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Non-integration of the Romanian political class to the European Union

The Romanian political agenda is focused these days on the political objective of introducing the unicameral parliamentary system. The natural question is whether the initiative is worth the effort, and if so, which is the model to be followed?

Prerequisites for unicameralism

The objective of introducing a single-chamber Parliament has the incumbent President as a promoter, although he is not the initiator of the proposal. The civil society, through various non-governmental organisations, and as of late (but before Traian Băsescu) PSD leader Mircea Geoană phrased out the need for such a constitutional modification. Readers will likely remember that in various articles and comments I voiced my support for unicameralism, yet on several imperative prerequisites.

The first prerequisite refers to giving up the current list-voting election system. One of the main reasons for the under-performance of the Romanian political community in the transition period resides in the maintenance of an electoral formula which fails to promote candidates’ actual value, but specific back-stage manoeuvres. When the electoral lists of a party or coalition of parties are drawn up through headquarters-directed arrangements and distribution of privileged candidates to constituencies depending on the perceived eligibility rate in the respective constituencies, the resulting Parliament will a priori lose some of its relevance and effectiveness. The core mission of a parliamentary assembly in any democracy is to represent the electorate. But how is this noble (and quite lucrative) goal to be reached, if more often than not candidates pop up in electoral lists for counties they have no relation to, whether by birth, career or affinity? Which accounts for the newly elected representatives’ lack of interest, shortly after the electoral campaign concludes and results are validated, as the fatigue accrued in the electoral battle in constituencies must be compensated by absenteeism and indifference. Fridays are, under the law, dedicated to MPs’ activity in constituencies. We invite our readers to pay a visit to their representative on such days, and keep our fingers crossed, wishing them to at least meet him there, let alone get his attention (or interest) on a problem.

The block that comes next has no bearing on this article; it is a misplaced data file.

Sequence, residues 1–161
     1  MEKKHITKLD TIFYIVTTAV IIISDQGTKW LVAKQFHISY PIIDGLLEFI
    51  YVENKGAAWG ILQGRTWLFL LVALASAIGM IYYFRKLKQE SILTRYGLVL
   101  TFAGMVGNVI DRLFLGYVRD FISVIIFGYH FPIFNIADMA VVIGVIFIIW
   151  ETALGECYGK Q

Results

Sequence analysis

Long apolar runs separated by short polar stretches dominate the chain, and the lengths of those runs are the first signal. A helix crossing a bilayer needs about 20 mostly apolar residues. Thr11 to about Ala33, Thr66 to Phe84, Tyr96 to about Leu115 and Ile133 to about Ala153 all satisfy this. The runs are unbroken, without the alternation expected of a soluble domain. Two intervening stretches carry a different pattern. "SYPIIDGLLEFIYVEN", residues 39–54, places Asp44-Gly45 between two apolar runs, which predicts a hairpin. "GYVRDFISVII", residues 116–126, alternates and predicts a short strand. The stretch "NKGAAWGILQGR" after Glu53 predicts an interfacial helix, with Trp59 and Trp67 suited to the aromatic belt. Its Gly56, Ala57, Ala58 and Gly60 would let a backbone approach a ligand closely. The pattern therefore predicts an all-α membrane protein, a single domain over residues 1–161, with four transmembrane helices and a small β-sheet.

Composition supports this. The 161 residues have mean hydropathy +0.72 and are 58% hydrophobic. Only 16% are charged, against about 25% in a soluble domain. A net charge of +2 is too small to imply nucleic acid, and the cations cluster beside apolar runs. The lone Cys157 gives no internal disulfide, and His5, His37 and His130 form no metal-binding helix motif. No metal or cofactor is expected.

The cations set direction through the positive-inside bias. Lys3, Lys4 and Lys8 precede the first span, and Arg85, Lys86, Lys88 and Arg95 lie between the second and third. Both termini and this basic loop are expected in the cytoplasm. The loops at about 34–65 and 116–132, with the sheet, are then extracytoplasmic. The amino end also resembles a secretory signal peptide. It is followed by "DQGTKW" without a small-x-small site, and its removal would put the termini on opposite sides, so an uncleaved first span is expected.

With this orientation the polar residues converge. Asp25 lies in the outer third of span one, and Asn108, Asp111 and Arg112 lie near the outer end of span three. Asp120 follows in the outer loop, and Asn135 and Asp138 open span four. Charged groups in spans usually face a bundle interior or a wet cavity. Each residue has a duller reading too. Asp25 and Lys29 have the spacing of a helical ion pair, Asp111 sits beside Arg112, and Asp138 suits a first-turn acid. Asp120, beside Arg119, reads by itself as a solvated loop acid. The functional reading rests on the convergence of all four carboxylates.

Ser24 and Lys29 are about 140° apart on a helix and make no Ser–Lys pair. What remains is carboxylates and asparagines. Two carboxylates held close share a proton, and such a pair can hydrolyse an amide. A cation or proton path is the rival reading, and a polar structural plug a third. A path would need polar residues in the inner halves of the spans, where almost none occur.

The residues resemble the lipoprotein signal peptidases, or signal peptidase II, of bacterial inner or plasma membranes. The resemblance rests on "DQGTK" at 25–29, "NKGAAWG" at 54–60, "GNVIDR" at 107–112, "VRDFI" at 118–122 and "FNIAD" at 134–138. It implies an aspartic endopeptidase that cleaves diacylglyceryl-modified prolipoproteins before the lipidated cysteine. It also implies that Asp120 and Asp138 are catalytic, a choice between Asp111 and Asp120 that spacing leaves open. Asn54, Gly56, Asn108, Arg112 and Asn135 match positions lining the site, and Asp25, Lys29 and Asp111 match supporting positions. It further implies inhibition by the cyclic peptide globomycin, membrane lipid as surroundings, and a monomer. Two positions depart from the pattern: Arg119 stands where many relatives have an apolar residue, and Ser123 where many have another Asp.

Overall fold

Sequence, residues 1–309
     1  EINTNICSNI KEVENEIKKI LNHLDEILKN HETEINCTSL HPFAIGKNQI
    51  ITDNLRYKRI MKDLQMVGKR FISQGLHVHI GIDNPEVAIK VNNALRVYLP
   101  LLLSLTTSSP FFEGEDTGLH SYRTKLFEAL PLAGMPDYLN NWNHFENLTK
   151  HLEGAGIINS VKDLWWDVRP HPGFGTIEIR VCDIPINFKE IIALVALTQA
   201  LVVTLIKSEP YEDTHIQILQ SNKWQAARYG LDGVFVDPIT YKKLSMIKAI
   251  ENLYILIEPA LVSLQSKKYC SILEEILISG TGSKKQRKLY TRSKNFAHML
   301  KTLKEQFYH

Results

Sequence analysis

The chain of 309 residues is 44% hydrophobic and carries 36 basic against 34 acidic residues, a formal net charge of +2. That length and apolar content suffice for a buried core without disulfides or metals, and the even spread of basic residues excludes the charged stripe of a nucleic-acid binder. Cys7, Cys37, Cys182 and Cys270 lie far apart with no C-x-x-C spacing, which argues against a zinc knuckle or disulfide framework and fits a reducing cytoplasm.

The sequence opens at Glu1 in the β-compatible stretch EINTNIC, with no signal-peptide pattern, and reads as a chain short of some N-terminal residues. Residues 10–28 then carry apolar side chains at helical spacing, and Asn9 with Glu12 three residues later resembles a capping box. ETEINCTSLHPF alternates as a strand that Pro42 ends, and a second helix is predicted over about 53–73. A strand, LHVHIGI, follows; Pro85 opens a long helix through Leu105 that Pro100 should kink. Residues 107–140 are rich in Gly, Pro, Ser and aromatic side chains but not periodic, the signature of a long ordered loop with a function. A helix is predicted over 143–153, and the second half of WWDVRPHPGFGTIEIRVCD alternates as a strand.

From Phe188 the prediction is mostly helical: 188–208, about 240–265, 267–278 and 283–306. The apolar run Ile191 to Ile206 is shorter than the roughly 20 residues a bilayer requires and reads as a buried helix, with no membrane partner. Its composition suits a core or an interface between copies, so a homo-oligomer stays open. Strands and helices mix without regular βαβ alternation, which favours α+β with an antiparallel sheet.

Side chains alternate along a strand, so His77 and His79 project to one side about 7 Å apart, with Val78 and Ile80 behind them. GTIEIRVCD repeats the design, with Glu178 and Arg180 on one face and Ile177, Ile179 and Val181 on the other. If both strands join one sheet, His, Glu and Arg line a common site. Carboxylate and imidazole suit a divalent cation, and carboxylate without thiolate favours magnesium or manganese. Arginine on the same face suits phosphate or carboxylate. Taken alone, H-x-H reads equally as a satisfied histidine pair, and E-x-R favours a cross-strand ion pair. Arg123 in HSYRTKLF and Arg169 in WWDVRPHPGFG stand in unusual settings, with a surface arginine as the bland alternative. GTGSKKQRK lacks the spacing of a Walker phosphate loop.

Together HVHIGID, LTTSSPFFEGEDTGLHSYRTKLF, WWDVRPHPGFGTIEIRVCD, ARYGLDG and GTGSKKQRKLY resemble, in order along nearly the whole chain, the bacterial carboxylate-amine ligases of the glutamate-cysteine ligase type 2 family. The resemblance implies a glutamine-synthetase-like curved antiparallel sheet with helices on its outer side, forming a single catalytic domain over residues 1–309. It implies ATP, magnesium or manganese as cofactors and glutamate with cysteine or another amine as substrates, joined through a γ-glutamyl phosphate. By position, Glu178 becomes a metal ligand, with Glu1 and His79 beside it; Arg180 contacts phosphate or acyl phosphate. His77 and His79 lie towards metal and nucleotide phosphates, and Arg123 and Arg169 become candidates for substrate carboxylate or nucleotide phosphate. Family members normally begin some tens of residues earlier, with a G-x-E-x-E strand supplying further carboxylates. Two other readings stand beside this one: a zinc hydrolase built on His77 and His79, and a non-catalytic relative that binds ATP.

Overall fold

The second prerequisite refers to rejection of the alternative proposed by the former Opposition/incumbent Power in 2001-2004, namely that of uninominal voting. In order to avoid the arrangements specific to the current formula, the nominal alternative lays emphasis on the voters’ selecting their favourite candidates out of the electoral lists proposed by political parties. Consequently, the mathematics of positioning in the list would be avoided, yet the alternative threatens to baffle the electorate, which will face the same huge lists of candidates, whom they had little time to see in action. The hazard rate would be a lot higher, as voters risk making erratic, uninformed choices.

The Anglo-Saxon model

The imperative condition for a successful reform of the parliamentary system is nonetheless related to a reform of the electoral system, in the sense of bringing it closer to the Anglo-Saxon one. Thus, the British and American electoral systems stand out as the best solution in terms of representation, effectiveness and accountability, as they are based on competition between candidates within a constituency, and not on list-voting. The traditional Anglo-Saxon model is a lot closer to citizens, as it proposes actual people, identifiable candidates, individually engaged in the electoral competition (regardless of their membership to a particular party), which allows for better assessment of both their moral past as members of the community, and of their political-professional development.